Hero or killer: either way, the ‘Blood Lady’ is back
Ivory Coast's ex-first lady, who will soon be freed, relished the power she wielded in her husband's regime
Ivory Coast’s “Iron Lady” Simone Gbagbo, who is soon to be released from prison in an amnesty, basked in her role as the power behind the throne during her husband’s regime, but to foes she was a pitiless killer.
The wife of former president Laurent Gbagbo, who lost power in 2010 after a turbulent decade in office, is one of about 800 people who are being freed by President Alassane Ouatarra.
Laurent Gbagbo has been in detention at the International Criminal Court (ICC) at The Hague for seven years.
His wife is three years into a 20-year sentence for “endangering state security” for her role in political violence that claimed about 3,000 lives after a bitter 2010 presidential election.The couple were arrested in April 2011 by forces loyal to Ouattara during a French-backed military operation, after five months of fighting.
She was accused of actively supporting Laurent Gbagbo in his bid to keep power after his electoral defeat.
Her 2015 conviction revolved around her alleged involvement in a 2011 shelling of a market in a district of the capital Abidjan that supported Ouattara and for being a member of a “crisis cell” that allegedly coordinated attacks by the armed forces and militias in support of her husband.Fervently Christian but ruthless by reputation, Simone Gbagbo never sought to deny exercising political influence after her husband rose to power in 2000 elections in which former prime minister Ouattara was barred from standing on the grounds he was a foreigner.
“All the ministers respect me, and they often consider me above them. I’ve got what it takes to be a minister,” she told the French newsweekly l’Express in 2001, justifying her stance after a life she said had been dedicated to activism.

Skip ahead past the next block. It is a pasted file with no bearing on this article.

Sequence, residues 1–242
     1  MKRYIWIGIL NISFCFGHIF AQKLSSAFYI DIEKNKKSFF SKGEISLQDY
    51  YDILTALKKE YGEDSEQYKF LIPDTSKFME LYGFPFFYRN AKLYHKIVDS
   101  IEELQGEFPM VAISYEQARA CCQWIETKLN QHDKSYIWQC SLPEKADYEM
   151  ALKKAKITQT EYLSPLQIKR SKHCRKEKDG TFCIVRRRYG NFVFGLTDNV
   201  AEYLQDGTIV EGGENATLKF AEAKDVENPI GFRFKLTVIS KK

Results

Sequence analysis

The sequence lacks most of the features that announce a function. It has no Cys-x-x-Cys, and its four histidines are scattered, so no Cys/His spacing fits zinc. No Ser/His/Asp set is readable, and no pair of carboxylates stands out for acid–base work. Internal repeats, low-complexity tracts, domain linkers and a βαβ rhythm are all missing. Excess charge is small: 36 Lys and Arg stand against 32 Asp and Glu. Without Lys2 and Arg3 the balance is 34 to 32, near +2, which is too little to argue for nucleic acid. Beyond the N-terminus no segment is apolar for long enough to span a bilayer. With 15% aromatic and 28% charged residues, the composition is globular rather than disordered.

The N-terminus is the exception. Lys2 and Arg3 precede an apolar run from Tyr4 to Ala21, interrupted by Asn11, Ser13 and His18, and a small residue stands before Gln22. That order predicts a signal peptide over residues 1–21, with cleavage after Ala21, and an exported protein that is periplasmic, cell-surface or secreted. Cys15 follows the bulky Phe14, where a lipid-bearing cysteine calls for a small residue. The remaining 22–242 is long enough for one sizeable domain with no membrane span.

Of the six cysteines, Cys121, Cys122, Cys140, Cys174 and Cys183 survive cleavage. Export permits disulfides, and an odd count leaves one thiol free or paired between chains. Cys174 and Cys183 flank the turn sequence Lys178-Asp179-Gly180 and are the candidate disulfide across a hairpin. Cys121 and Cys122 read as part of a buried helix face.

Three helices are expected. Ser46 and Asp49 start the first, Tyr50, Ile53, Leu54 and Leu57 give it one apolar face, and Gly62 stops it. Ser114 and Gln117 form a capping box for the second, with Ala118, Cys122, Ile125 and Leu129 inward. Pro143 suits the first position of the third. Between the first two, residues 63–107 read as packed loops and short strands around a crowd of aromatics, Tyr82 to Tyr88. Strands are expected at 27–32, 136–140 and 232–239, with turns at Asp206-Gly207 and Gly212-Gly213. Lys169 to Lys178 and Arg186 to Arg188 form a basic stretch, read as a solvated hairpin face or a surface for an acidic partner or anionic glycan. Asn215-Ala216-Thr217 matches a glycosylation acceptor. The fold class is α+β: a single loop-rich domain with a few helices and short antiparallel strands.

“I engaged in political struggle against the former regime alongside men. I spent six months in prison, I was beaten, molested, left for dead. After all those trials, it’s logical that people don’t mess with me.”
Born in the predominantly Christian south in 1949 as one of 18 children of a policeman, she studied linguistics and history before becoming a trade union activist.
Her militancy led to a jail term in the 1970s for openly criticising then president Felix Houphouet-Boigny (Ivory Coast’s first leader after independence from France in 1960) when he rejected opposition calls for multiparty elections.
She and Laurent Gbagbo married in 1989 after founding the opposition socialist Ivorian Popular Front (FPI), and she was later elected to parliament in the world’s leading cocoa producer.
Her husband sought to change relations with former colonial master Paris, arguing that previous regimes had been servile, and the first lady proved a fierce critic of “neo-colonialism”, once famously describing France’s former president Nicolas Sarkozy – a main mover in her husband’s downfall – as “the devil”.Supporters of Simone Gbagbo’s commitment to political causes hailed her as “the Hillary Clinton of the tropics”.
But for detractors, the “Iron Lady” became the “Blood Lady”, amid allegations by human rights activists that the regime used teams of killers to deal with opponents.
Those concerns were reinforced when she was implicated by a French judicial inquiry into the sinister disappearance of French-Canadian journalist Guy-Andre Kieffer in Ivory Coast in 2004.
Gbagbo frequently mingled politics with the evangelical faith she practised after “miraculously” surviving a car crash and starting prayer meetings at the presidential palace.